Built by the U.S. Navy in 1923, the Shenandoah was one of four airships that used a new structure design. The frame made from a new alloy of aluminum and copper, called duralumin. The outer cover was constructed of durable cotton cloth, which was sewn, taped or laced to the frame and then painted with aluminum dope.
It was to be used as a scouting vessel in the U.S. Navy weapon systems, armed with 6, 30cal Lewis machine guns and the capacity to hold 8, 500lb bombs. When finally completed, the Shenandoah was 680ft long, 93ft hight and weighted 77,500 pounds. Top speeds were around 60kt.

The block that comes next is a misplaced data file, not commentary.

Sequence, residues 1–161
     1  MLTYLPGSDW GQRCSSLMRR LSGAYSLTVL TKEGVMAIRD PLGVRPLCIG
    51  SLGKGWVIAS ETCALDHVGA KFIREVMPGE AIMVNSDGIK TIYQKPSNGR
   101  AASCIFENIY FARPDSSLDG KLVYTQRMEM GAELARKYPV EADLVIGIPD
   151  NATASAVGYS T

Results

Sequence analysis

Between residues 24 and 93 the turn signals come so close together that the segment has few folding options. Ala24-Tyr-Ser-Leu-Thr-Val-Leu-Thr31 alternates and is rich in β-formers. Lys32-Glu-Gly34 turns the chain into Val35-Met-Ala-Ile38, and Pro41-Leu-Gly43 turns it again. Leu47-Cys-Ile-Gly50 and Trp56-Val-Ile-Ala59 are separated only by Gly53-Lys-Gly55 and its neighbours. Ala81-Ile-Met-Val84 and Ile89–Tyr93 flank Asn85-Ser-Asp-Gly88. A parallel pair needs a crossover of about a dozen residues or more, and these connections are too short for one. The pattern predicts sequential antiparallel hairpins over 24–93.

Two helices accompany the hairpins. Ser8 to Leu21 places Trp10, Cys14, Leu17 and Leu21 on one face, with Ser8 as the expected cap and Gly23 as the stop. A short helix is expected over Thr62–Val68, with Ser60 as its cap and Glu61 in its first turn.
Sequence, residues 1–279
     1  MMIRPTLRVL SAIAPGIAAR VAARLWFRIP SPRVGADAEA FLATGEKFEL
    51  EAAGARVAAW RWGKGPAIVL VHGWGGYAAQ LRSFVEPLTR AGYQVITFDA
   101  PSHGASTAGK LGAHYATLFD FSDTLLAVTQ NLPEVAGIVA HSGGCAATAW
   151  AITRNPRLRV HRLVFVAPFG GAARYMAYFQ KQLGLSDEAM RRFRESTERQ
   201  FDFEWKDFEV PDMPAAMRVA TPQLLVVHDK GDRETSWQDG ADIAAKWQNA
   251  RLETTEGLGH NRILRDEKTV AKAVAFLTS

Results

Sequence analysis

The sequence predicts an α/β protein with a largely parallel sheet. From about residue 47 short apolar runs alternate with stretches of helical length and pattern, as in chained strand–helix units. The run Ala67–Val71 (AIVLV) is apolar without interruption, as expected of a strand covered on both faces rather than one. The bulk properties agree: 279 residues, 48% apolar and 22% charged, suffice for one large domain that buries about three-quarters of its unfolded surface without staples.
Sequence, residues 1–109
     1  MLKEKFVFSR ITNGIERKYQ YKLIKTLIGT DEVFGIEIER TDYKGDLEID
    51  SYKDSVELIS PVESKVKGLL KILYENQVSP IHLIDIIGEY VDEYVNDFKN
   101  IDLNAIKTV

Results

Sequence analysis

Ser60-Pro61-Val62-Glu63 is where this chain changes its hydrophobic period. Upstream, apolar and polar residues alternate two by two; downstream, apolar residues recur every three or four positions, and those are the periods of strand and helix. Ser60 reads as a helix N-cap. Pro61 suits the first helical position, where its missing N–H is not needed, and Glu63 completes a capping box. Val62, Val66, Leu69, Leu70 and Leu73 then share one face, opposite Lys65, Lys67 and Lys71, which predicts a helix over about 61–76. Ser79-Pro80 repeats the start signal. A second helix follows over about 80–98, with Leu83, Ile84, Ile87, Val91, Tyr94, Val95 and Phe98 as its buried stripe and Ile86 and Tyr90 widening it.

On September 3, 1925, while on a promotional flight of the Midwest, which included a flyover of the Noble County Fair, the Shenandoah was caught in a updraft that caused the helium gas bags to burst, causing the airship to be ripped apart and crash to the ground, killing 13 members, including the commanding officer, LCDR Zachary Lansdowne.
An isolated US flag on the east side of Interstate 77 in Noble County Ohio, marks the final resting spot of the U.S.S. Shenandoah.